Issues Addressed:  The message in this story is to never let go of your imagination.  As children, we are more apt to tap into our imagination and relate to a fantasy world and I believe that is why he had the faith of his son.  I did notice a large amount of similarities between the places he had been and our own world; including war, technology, and fear for survival in these fantasy worlds.  But, within each individual place was reality.  It was full of the same pleasures, fears, and beliefs as our own world.  The only time where Lemuel was the same size of the rest was in the intellectual world and the magical world.  The other places were only fantasy because Lemuel was of opposite size than the others.

Age Level:  I would recommend this film to all ages, due to the joining of reality and fantasy.  I think it is natural to wonder “what if” and it is fun when it seems to come to life right before our eyes.  A good author can do this with mere words and when put into imagination or film, it comes to life.

Activities for Sharing:  I think it would be fun to watch the film and find the history words in each world Lemuel visits.  For example, king, queen, royal court, Alexander the Great, Roman Emperors, etc…

Rational Choice Theory


The rational choice theory is one of many criminological theories. Larry Siegel, a professor of Criminal Justice for over 40 years, defines criminology as “the study of the nature, extent, cause, and control of criminal behavior.” Theories are then developed through observed crime patterns, including the trait theory, the psychological theories, and the rational choice theory. The rational choice theory is the one view of crime that has been most widely accepted throughout history.
It was an Italian social thinker, Cesare Beccaria, that developed the rational choice theory in the mid-eighteenth century. Cesare Beccaria, out to abolish cruel punishment, was one of the first scholars to develop a theory of why people commit criminal acts in universal terms and not religious terms. People viewed crime as a demonic act against society and the views’ only emphasis was on punishment for the criminal act and included no preventative aspect for solutions.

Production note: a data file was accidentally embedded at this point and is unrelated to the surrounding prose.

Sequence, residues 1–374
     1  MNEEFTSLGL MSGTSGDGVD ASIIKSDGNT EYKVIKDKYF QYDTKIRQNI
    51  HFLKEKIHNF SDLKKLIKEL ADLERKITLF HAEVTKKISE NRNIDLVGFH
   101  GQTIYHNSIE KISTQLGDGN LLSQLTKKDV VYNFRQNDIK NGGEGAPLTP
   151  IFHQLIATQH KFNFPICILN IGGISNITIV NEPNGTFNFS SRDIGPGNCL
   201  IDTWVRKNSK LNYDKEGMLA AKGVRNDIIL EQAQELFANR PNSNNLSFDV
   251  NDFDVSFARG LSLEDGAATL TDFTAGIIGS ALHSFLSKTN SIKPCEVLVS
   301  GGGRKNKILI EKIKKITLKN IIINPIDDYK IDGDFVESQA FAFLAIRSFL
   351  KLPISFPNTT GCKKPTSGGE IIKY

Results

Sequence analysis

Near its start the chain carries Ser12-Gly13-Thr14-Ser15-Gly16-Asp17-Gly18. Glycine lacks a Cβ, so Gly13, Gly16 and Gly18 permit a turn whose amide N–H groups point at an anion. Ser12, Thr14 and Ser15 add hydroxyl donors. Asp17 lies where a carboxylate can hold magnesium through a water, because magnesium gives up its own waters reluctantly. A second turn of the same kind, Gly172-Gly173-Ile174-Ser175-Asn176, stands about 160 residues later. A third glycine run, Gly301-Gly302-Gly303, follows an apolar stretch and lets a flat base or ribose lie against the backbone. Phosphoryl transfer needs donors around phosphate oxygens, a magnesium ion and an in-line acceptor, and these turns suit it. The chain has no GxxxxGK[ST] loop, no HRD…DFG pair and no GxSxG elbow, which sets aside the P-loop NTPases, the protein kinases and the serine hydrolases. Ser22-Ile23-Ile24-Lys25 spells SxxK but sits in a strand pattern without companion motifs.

Classical criminology, according to Siegel, is the view that “people have free will to choose criminal or conventional behaviors, people choose to commit crime for reasons of greed or personal need, and that crime could be controlled only by the fear of criminal punishment.” Beccaria believed that people are rational thinkers and weigh risks against benefits when contemplating whether to commit a criminal act. Before the eighteenth century, the accused had almost no rights and Beccaria also believed that the punishment should fit the crime and pointed out flaws within our criminal justice system, prompting reform.
This theory brought about crime prevention, deterrence, incarceration, incapacitation and the most severe form of punishment adopted at this time was the death penalty. To prevent crime, rational choice theorists believed that criminals could be discouraged from criminal acts by increasing the effort needed to commit a crime, increasing the risk of committing crime, and reducing the rewards of crime. General deterrence came from the belief that people would not commit crimes if they feared the punishment for that criminal act. Believing that people are rational thinkers, Beccaria’s general deterrence theory was that the greater the severity, certainty, and speed of legal sanctions, the lower the crime rate would be. Specific deterrence, incarceration, and incapacitation are systems used on people who have already committed a criminal act, to keep them from committing future acts of crime. Specific deterrence is the view that criminal sanctions be so powerful that offenders will never repeat their criminal acts. Specific deterrence includes incarceration and incapacitation to keep known criminals out of society, reducing the crime rate by limiting opportunity to commit crime. This deterrence theory has brought about changes in criminal policies and laws, which has benefits as well as costs.